I wasn’t too worried about the visuals and performance in Streets of Rage 4 on newer devices given Playdigious’ history, but I was a bit concerned about the controls. If you play with touch controls, Streets of Rage 4 has a big on-screen analog stick on the left and action buttons on the right. You can adjust the position and size of the virtual joystick and the action buttons. You can even adjust the spacing for the action buttons and re-order them. The controls work well on my phone, but I didn’t enjoy myself much on the iPad with virtual controls after a few stages. I prefer playing these games on the iPad with a physical controller. I used my PS5 DualSense controller which worked flawlessly for everything but pausing didn’t work for some reason. Hopefully this small issue can be addressed in a future update so that both touch and controller can be used on their own completely.

If you were wondering whether the Mr. X Nightmare DLC for Streets of Rage 4 is worth getting, it absolutely is. Streets of Rage 4 is a steal at the asking price on mobile compared to other platforms, and that applies to the DLC as well. This DLC adds new playable characters including Estel who has a fantastic design, a new survival mode, character customization options, new weapons, and more. It expands a superb game into an essential. I assume the reasoning for selling it separately is to keep the price of the base game below $9.99, but would’ve personally preferred having the game cost $11 or $12 with the DLC included from the start.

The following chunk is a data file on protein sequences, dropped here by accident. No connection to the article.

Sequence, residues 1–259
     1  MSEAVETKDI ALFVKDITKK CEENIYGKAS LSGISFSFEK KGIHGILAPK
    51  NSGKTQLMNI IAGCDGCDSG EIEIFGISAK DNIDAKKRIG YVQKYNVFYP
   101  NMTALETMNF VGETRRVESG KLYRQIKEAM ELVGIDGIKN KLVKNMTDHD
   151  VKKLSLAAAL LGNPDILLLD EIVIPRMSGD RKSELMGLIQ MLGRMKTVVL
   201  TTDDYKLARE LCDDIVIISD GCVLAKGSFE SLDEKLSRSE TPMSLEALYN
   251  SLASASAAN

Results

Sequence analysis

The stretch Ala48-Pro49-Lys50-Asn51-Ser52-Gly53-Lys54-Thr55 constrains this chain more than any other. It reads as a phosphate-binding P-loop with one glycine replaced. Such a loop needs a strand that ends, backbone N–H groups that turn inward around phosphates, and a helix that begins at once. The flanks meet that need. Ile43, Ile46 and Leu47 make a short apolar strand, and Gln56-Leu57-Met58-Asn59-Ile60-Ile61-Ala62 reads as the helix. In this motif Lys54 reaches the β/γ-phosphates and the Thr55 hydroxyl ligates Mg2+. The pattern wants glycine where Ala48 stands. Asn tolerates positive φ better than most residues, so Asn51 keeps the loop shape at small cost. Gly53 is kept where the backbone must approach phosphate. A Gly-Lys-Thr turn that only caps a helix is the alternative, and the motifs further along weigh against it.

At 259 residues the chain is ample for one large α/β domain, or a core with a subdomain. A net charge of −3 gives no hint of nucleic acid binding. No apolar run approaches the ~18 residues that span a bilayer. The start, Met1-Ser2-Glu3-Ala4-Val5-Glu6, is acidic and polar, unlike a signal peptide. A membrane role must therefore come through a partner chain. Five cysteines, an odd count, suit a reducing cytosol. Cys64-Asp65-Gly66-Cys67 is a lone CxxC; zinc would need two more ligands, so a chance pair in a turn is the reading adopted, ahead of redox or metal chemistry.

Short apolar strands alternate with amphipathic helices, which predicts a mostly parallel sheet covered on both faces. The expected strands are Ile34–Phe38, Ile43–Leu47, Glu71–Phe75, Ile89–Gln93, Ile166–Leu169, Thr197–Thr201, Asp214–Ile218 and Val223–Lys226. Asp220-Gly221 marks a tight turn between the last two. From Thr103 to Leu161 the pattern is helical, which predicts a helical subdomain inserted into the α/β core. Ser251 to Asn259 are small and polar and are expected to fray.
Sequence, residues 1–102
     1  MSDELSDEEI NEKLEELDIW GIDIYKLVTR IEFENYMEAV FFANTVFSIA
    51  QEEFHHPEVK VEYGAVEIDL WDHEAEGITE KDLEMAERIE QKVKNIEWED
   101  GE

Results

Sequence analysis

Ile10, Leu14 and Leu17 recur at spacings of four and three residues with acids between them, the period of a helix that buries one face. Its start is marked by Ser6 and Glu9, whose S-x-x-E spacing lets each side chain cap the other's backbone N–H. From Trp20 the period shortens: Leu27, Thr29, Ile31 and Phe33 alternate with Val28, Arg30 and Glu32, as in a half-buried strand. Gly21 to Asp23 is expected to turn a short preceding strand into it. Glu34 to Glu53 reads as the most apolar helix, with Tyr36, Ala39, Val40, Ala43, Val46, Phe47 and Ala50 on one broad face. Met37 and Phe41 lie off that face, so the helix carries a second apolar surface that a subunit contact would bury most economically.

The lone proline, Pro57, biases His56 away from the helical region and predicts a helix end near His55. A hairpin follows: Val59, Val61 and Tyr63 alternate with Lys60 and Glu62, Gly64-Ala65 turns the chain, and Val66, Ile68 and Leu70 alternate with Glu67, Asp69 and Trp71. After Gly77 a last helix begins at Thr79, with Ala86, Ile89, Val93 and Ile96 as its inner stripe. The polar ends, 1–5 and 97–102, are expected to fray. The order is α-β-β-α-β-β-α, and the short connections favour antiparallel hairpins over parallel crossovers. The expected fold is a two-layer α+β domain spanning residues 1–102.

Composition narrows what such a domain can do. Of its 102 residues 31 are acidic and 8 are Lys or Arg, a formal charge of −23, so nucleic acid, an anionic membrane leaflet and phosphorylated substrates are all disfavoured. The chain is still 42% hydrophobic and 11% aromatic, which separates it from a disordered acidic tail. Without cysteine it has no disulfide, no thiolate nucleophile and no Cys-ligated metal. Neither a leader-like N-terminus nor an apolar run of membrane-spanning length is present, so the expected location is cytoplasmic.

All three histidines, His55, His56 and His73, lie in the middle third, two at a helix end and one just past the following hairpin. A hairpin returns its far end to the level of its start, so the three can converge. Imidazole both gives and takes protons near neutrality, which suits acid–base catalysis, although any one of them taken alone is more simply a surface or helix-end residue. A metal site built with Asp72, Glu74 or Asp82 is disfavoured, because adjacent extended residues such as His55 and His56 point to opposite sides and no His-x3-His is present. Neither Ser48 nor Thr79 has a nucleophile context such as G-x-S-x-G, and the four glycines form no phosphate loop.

If you haven’t bought Streets of Rage 4 on any platform and are wondering where to get it, this is one of the few games that is awesome on everything. The advantage to the mobile version is the low asking price compared to console and PC, but the online multiplayer isn’t available right now. Performance on modern iOS devices is better than Switch, but the game is mostly perfect on Switch as well. It looks really good across the board as well. I’ve had no issues playing on Steam Deck as well. The screenshot below has the unlockable characters blurred to avoid potential spoilers for newcomers.

Playdigious is great with updating and fixing its mobile releases, so I hope the few menu interactions outside gameplay get addressed to be more intuitive with touch controls. There’s no reason I should have to use on-screen arrows to scroll when I can just tap on the menu item. Barring that, I hope the controller support is improved a bit so the game can be fully controlled with the PS5 DualSense controller rather than only the gameplay and some menus.

Not only is Streets of Rage 4 on iOS an amazing conversion, but it also costs a fraction of what it does on other platforms. I was surprised at how good it felt to play with touch controls and how well it runs on my iPhone and iPad Pro. While I can’t comment on the online multiplayer yet (I will be covering that in a separate feature when it goes live), Streets of Rage 4 on iOS is the real deal and an absolute must-play if you enjoy side-scrolling beat-em-ups.

If you haven’t sampled the genre yet, there’s no better way to get into it right now than Streets of Rage 4. Streets of Rage 4 is by far my favorite beat-em-up, and I’m glad to see it in such an amazing conversion on mobile. Hopefully it does well like Dead Cells did on mobile and leads to a whole new audience discovering this amazing game. It feels surreal going from the announcement trailer from Dotemu a few years ago to the game delivering in spades on all platforms, through its DLC, and now with an excellent mobile conversion. I look forward to playing it online as well once the multiplayer update hits in the future.